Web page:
When Shanahan went for two to win the game last season, he was a genius. When Belichick went for a 1st down vs Atlanta this season, on his own 24 yard line, he was lauded for the decision. When Belichick has his long snapper snap the ball through the uprights vs Denver in 2003, he was brilliant. When coaches make very bold decisions and they succeed, the masses trip over themselves to celebrate their guts, their confidence, their brilliance.

But you can’t have it both ways. You either support a decision or you don’t. You can’t just wait for the results to come in and decide then, with the benefit of hindsight, whether a good decision was made or not. A coach has to make decision’s based on a litany of factors, all within a very finite amount of time. The vast majority of the time NFL coaches go the safe route, the conservative approach. The vast majority of the time, a coach will call the prevent defense instead of blitzing, punt the ball instead of going for the first down. Often these conservative approaches produce head shaking and frustration among the fans. Going for the win is glorious. Coming up an inch short, considerably less glory. But before you know what the outcome is, you have to decide.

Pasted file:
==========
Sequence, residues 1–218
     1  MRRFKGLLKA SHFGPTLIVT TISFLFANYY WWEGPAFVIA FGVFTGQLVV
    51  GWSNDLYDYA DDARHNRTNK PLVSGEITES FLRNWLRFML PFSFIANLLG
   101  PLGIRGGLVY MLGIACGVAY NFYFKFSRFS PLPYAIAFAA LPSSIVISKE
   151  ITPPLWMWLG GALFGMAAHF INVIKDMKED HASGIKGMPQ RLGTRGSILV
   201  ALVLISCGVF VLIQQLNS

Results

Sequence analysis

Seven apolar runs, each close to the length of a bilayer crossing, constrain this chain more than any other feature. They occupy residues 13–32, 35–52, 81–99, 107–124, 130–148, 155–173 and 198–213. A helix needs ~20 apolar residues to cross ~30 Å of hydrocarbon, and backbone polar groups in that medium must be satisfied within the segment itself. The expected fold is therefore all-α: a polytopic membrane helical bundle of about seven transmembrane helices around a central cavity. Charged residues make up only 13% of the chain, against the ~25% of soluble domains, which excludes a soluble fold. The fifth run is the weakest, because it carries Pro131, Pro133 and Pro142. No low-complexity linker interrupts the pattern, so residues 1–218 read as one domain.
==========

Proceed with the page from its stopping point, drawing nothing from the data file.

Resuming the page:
At that point in the game, if the Patriots convert the first down, they have won the game.

But they didn’t, and they lost the game. Would he do it again, in the playoffs? Let’s hope we have a chance to see. Because say what you want, that was an awesome football game.

I hope the Pats win next week by a hundred.

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Filed under Ayn Rand, Bill Belichick, Indianapolis Colts, New England Patriots, NFL, Peyton Manning, Sports, Tom Brady, Zombieland

The NFL goes to the UK

It’s been far too long. Six weeks ago I was struck by a car while riding my bicycle in Venice, CA. Shoulder surgery has kept me from being able to extend my arm to type. It’s been quite a stretch to miss, as a writer with my interests. I’ll try to keep it topical and reasonably short.

A few thoughts on the NFL in England.